Takai et al. [16] also studied the dependence of mechanical properties on the substrate. The objects of their study were MC3T3-E1 osteoblast-like cells, tested on the following different substrates: fibronectin (FN), vitronectin (VN), type-I collagen (COL I), fetal bovine serum (FBS), poly-L-lysine (PLL), and no substrate, that is, tested directly on the slide. The results obtained by the authors showed that the Young’s modulus of osteoblasts that were bound to extracellular matrix proteins (FN, VN, COL I, FBS) through integrins, was higher than in similar cells on PLL, or on the slide alone where interactions are nonspecific. Also, formation of F-actin stress-fibrils was observed on FN, VN, COL I, and FBS, while there were only very small quantity fibrils of F-actin found for PLL or on the slide alone. Damage to the actin cytoskeleton decreases the Young’s modulus of osteoblasts on FN so that it reaches the level of that for cells on the slide alone. At the time damage of microtubules did not cause any significant effects. Takai et al. [16] suggest that increases in the Young’s modulus of osteoblasts on FN occurred because of rebuilding of the actin cytoskeleton in response to interactions with extracellular matrix proteins.

A more detailed study of the influence of the extracellular matrix on the morphology and mechanical properties of cells was conducted by Yim et al. [17]. Here, the authors suggested that nanotopography of the extracellular matrix could influence cell behaviour by changing the interaction with integrins and/or focal adhesion complexes. hMSCs cultured on 350 nm layers formed by stiff TCPS (tissue-culture polystyrene) or soft PDMS (polydimethylsiloxane) were selected as the object of this study. Study results showed that in cells cultured on both the TCPS and PDMS, there was a decrease in expression of some integrin subunits (α2, α6, αV, β2, β3, β4) and a flattening of the actin cytoskeleton occurred when compared with a control, where a hard actin reticulum with a random sequence distribution was observed. Moreover, on the stiff TCPS, the Young’s modulus of hMSCs was lower than on the soft PDMS. Furthermore, nanotopography effects did not affect the mechanical properties, although in cells cultured on the PDMS, the value of the Young’s modulus was notably lower than in cells cultured on TCPS. From results obtained by Yim et al. [17], it can be concluded that both the nanotopography and substrate stiffness have an influence on the cell mechanical properties, but that the role of nanotopography is dominant in the regulation of the cytoskeleton state.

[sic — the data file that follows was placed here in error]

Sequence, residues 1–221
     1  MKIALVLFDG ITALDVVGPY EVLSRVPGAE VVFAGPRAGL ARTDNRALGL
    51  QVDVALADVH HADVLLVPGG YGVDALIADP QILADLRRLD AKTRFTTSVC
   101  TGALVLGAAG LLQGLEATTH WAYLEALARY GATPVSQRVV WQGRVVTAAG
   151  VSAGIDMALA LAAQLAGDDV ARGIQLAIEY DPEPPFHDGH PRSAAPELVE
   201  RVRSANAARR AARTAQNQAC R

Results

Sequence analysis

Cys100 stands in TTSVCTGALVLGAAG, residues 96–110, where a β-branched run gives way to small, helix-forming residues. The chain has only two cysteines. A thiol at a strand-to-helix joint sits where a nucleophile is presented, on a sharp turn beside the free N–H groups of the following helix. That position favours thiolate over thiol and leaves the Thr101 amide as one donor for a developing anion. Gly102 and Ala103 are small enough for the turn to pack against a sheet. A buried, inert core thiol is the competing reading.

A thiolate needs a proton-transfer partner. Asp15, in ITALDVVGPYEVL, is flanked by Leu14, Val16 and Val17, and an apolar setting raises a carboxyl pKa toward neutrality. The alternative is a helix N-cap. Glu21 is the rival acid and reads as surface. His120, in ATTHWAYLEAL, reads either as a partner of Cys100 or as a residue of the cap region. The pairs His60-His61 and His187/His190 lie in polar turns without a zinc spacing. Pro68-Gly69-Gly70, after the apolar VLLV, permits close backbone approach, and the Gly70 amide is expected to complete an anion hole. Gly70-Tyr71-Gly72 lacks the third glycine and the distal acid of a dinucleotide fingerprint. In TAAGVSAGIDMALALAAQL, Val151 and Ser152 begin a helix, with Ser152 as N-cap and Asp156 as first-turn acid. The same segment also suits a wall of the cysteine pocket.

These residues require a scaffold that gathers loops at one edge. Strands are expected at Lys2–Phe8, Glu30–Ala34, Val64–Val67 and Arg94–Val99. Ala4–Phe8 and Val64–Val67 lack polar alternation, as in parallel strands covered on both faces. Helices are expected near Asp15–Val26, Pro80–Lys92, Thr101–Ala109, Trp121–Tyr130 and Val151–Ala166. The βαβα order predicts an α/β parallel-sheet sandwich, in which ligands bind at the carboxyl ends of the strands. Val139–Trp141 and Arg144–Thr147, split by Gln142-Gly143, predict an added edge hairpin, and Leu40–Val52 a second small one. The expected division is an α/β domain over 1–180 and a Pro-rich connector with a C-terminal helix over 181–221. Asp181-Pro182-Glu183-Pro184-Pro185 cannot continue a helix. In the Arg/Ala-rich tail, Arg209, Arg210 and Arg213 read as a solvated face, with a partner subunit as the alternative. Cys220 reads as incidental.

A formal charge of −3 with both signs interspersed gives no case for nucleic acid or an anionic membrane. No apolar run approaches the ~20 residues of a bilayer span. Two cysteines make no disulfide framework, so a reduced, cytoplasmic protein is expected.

Thus, the data of different authors enables us to suggest that the stiffness of nonmuscle cells depends significantly on the type of substrate on which they are cultivated. In addition, the nanotopography of the substrate has a substantial significance that can be connected to the formation of adhesion sites and development of a submembranous cytoskeleton. Data concerning the increased stiffness of proliferated cells, which are also characterised by an increase in protein content forming cortical cytoskeleton, also demonstrates this.

3. The Magnitude of Force Capable of Causing Cellular Responses

The process of transformation of physical signals into biochemical ones, and the formation of appropriate cellular responses, is called mechanotransduction or mechanosensitivity [18].

Understanding of the molecular basis of mechanotransduction is impossible without knowledge of the amplitude and distribution of forces influencing cells. However data presented in the literature and conducted in this direction are very limited. First Davies et al. [19] suggested that the cellular response to an applied external mechanical force could be mediated by its transfer to the cell nucleus and also through intercellular interactions and adhesive contacts. The central idea of these authors is that the force affects more structures, although it becomes lessened with increasing distance from the point of force application. Nevertheless, this is not always the case as these authors showed in additional work using intermediate filaments as a marker for changing forces [20, 21]. Similar experimental approaches were used by several other groups whose purpose was the mapping of stresses that appeared in the cell in response to the applied external force [2224]. All these results prove that forces have a complex, heterogeneous nature that is mediated by several proteins and their complexes.

Thus, a key question is what is the magnitude force that is able to cause a cellular response?